Two Key Takeaways from the Ice Bucket Challenge

Screen Shot 2014-08-27 at 12.19.42 PMIf someone said you could raise $220 million dollars in about a month’s time without asking for a single penny, would you believe them?

Well that’s exactly what happened for the ALS Association during the the Ice Bucket Challenge last year.

As fundraisers we’ve had dreams about the ice bucket challenge, studied the ice bucket challenge, loathed and envied the Ice Bucket Challenge, but mostly we’ve wanted to know—how did they come up with that?

Well the truth is: they didn’t.

At the Direct Marketing Association of Washington (DMAW) Annual Meeting on January 28, I was part of an enthusiastic crowd that learned from fundraisers at the ALS Association how the Ice Bucket Challenge came about. It was started by three young men with ALS who wanted to give the world a “wake up call” that ALS does not affect just the elderly.

The ice bucket in itself is meant to be symbolic – literally a wake up call, just as splashing cold water on your face in the morning wakes you up.

In the fundraising world, it was definitely a wake up call! Everyone is still talking about the phenomenal results, which raised $115 million for the national association and an estimated $220-240 million globally for the cause.

The most incredible thing is that the ALSA never asked for a single donation throughout the long summer of the Ice Bucket Challenge—other people asked for them!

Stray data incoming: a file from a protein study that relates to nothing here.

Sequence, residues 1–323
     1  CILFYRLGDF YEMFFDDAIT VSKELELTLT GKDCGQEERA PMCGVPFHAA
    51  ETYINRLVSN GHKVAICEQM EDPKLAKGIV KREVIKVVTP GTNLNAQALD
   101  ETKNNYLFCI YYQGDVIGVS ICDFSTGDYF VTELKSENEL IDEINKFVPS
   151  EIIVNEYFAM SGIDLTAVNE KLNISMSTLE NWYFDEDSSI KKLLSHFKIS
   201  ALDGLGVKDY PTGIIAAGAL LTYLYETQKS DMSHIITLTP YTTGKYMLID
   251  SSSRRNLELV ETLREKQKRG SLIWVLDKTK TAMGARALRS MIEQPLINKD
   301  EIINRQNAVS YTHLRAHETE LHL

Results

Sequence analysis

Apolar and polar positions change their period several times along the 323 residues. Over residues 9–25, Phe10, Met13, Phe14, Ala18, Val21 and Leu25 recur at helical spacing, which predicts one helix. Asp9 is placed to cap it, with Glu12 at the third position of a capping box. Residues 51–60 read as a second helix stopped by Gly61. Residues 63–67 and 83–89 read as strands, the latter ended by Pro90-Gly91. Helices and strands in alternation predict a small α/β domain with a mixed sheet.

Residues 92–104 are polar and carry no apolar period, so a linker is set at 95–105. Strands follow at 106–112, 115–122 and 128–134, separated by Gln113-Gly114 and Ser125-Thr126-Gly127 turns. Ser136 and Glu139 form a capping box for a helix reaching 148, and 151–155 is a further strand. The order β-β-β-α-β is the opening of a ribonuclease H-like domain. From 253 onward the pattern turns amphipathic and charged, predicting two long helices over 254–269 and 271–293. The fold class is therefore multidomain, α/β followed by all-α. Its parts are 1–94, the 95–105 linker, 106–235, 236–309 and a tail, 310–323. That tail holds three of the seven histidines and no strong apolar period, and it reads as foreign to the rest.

What does this mean in the fundraising world? I see two key take-aways.

  1. Donor engagement is the new “acquisition.”

The Association acquired 2.5 million new donors through the Ice Bucket Challenge, solely through peer-to-peer engagement.

It was never about the money – it was about being inspired by a cause. When challenged by a peer, even Bill Gates participated in the challenge – that’s powerful! The ALS Association was smart enough to pay attention and to make it easier for their donors to donate once they came to the webpage. They made the donate button bigger and red. That’s it.

And while some in the fundraising world doubted that the Association would be able to keep these new donors 600,000 of them have already said it’s okay for the ALS Association to continue communications with them. Plus the ALS Association has plans to further engage with their new donors through efforts like a donor survey.

  1. The debate over whether your organization needs a strong social media presence is over– you need it. End of discussion.

The ALS Association was ready for the ice bucket challenge because they already had a strong social media presence. People with ALS tend to rely heavily on social media and the web for their social connectedness.

Because the Association was connected to and engaged with their donors already, they were ready to ride the challenge wave. As an additional bonus, the challenge made a whole new age bracket aware of the ASL Association, opening up a younger donor base for the organization.

So what can we expect from the Association next? They are focused on efforts to end this deadly disease. And they feel a strong sense of responsibility to the ALS community, to all 2.5 million new donors who participated in the Ice Bucket Challenge and to the three courageous gentlemen who started the whole thing.

“We must keep the momentum rolling.” And we’ll all have to stay involved ourselves to see what happens next.

– Posted by Amanda Marcucci

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